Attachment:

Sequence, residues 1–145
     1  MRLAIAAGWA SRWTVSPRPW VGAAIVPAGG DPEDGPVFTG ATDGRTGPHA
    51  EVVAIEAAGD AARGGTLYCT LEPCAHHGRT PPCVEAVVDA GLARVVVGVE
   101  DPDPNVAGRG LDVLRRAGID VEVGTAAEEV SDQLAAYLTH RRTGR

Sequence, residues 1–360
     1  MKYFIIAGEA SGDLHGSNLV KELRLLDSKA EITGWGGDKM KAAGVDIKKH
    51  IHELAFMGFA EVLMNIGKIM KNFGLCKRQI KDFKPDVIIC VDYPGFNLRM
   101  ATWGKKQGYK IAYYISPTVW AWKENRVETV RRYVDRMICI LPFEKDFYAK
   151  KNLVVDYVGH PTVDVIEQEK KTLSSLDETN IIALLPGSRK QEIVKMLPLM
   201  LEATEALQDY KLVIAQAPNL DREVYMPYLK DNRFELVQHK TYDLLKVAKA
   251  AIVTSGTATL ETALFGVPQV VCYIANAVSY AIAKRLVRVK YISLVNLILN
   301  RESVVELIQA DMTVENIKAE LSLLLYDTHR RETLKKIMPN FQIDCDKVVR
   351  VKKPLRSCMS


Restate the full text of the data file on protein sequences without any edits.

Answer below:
Sequence, residues 1–145
     1  MRLAIAAGWA SRWTVSPRPW VGAAIVPAGG DPEDGPVFTG ATDGRTGPHA
    51  EVVAIEAAGD AARGGTLYCT LEPCAHHGRT PPCVEAVVDA GLARVVVGVE
   101  DPDPNVAGRG LDVLRRAGID VEVGTAAEEV SDQLAAYLTH RRTGR

Sequence, residues 1–360
     1  MKYFIIAGEA SGDLHGSNLV KELRLLDSKA EITGWGGDKM KAAGVDIKKH
    51  IHELAFMGFA EVLMNIGKIM KNFGLCKRQI KDFKPDVIIC VDYPGFNLRM
   101  ATWGKKQGYK IAYYISPTVW AWKENRVETV RRYVDRMICI LPFEKDFYAK
   151  KNLVVDYVGH PTVDVIEQEK KTLSSLDETN IIALLPGSRK QEIVKMLPLM
   201  LEATEALQDY KLVIAQAPNL DREVYMPYLK DNRFELVQHK TYDLLKVAKA
   251  AIVTSGTATL ETALFGVPQV VCYIANAVSY AIAKRLVRVK YISLVNLILN
   301  RESVVELIQA DMTVENIKAE LSLLLYDTHR RETLKKIMPN FQIDCDKVVR
   351  VKKPLRSCMS